6 All courses are 6-credit courses, with the exception of the Design Studios which are 12 credits. The Design Studio, and Visual Communications courses are assessed through 100% continuous coursework assessment. Courses on History and Theory, Science, and Technology are assessed through a combination of continuous coursework assessment (ranging from 40% to 100%) and examination (ranging from 0%-60%). Landscape Design courses (12 credits requiring approximately hours of student learning activities per course in one semester) These courses engage students in practical problem-solving design exercises in landscape architecture under staff guidance and supervision. The projects are closely related to concurrent course work and seek to develop student s knowledge of key landscape theories and concepts, as well as giving them practical experience in technical issues. In addition to major projects, sketch design problems are set to teach students to produce and express landscape designs with reason, imagination and sensitivity. Teaching is conducted in two to three four-hour design studio sessions per week (total contact hours), and involves working on projects in both group and individual formats. Work is regularly presented and discussed in critical review sessions. Site visits, data research, field trips and practical workshops are required. Assessment is by 100% continuous coursework assessment of drawings, diagrams, photos, renderings, animations, physical models, prototypes and project presentation (up to 5,000 words for the whole course). ARCH2101 Introduction to Landscape Design Studio (12 credits) ARCH2102 Landscape Design Studio 1 (12 credits) (Pre-requisite: Introduction to Landscape Design Studio) ARCH3101 Landscape Design Studio 2 (12 credits) (Pre-requisite: Landscape Design Studio 1) ARCH3104 Landscape Design Studio 3 (12 credits) (Pre-requisite: Landscape Design Studio 2) ARCH4701 Landscape Design Studio 4 (12 credits) (Pre-requisite: Landscape Design Studio 3) ARCH4704 Landscape Design Studio 5 (12 credits) (Pre-requisite: Landscape Design Studio 4) Landscape History and Theory courses (6 credits requiring approximately hours of student learning activities per course) Collectively these courses examine the theories and practice of landscape architecture through a comparative study of the history of landscape architectural design and urbanism, in various geographic and cultural contexts. Key issues are explored in more detail through the work of contemporary practitioners and current trends are assessed to see where the future of landscape architecture might lie. Teaching is conducted in lectures / workshops / tutorials / review sessions (36-48 contact hours per course), and the course work includes reading of critical texts, site visits, research, case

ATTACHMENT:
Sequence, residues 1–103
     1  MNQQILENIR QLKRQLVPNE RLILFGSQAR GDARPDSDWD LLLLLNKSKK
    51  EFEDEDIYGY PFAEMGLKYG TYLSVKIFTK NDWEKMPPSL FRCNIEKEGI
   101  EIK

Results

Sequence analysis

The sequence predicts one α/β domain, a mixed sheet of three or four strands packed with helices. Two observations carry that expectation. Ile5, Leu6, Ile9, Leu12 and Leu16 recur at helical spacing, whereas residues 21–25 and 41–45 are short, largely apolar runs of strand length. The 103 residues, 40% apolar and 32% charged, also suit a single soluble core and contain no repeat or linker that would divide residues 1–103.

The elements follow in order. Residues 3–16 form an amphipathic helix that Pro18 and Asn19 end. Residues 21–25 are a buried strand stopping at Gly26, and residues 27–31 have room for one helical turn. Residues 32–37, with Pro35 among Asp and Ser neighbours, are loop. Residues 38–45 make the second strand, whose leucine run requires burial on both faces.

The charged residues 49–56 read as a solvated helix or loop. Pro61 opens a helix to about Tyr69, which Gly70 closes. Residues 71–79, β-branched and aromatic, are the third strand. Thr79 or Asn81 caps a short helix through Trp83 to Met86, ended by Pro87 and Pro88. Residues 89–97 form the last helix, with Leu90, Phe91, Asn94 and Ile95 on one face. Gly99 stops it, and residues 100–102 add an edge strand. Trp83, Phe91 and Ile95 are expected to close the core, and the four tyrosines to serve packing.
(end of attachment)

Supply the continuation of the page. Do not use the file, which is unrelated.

7 studies and the preparation of assignments, essays and reports. Work is regularly presented and discussed in critical review sessions. The courses may be assessed through a combination of examination (0%-60%) and continuous coursework assessment (40%-100%). Continuous coursework assessment is usually by various methods including PowerPoint presentation, reports (up to 10,000 words), short essays (1,500-2,000 words), quizzes, projects and/or sketch books. ARCH2103 History of Landscape Design (6 credits) ARCH3103 Environment, Community & Design (6 credits) ARCH3105 Theories and Practices of Contemporary Landscape (6 credits) Architecture ARCH4703 Landscape & Design in China (6 credits) ARCH4705 Strategic Landscape Planning (6 credits) Landscape Technology & Science courses (6 credits requiring approximately hours of student learning activities per course) These courses explore issues of materials, construction, structures and environment as they relate to the built environment. The courses establish key technical concepts and knowledge that underpin students architectural design work. Much of the course relates to projects undertaken in the design studios. Teaching is conducted in lectures / workshops / tutorials / review sessions (36-48 contact hours per course), and activities include site visits, case studies, practical demonstrations, detailed design exercises and the preparation of assignments and reports. Work is regularly presented and discussed in critical review sessions. These courses also explore the hard science behind landscape architecture and give students a thorough grounding in the knowledge that underpins their design work. Students learn the basics of plants, including their physiology, ecology and design application, together with the related soil science and planting technology. They also gain an understanding of hard landscape including the principle and application of site grading, drainage, structures, and the properties and uses of materials in landscape construction. The courses are assessed through a combination of continuous coursework assessment (40%- 100%) and examination (0%-60%). Continuous coursework assessment is usually by various methods including homework, group work, quizzes, group projects, assignments, integrated coursework, presentation, and individual study. The usual output mainly comprises annotated diagrams and short written descriptions (up to a total of 5,000 words for the whole course). ARCH2056 Building Technology 1 (6 credits) ARCH3102 Technology in Landscape Architecture (6 credits) ARCH3106 Plants & Planting Design 1 (6 credits) ARCH4702 Plants & Planting Design 2 (6 credits) ARCH4706 Ecology & Sustainability (6 credits) Visual Communications courses (6 credits requiring approximately hours of student learning activities per course) These courses introduce students to the essential tools of design communication, and teach the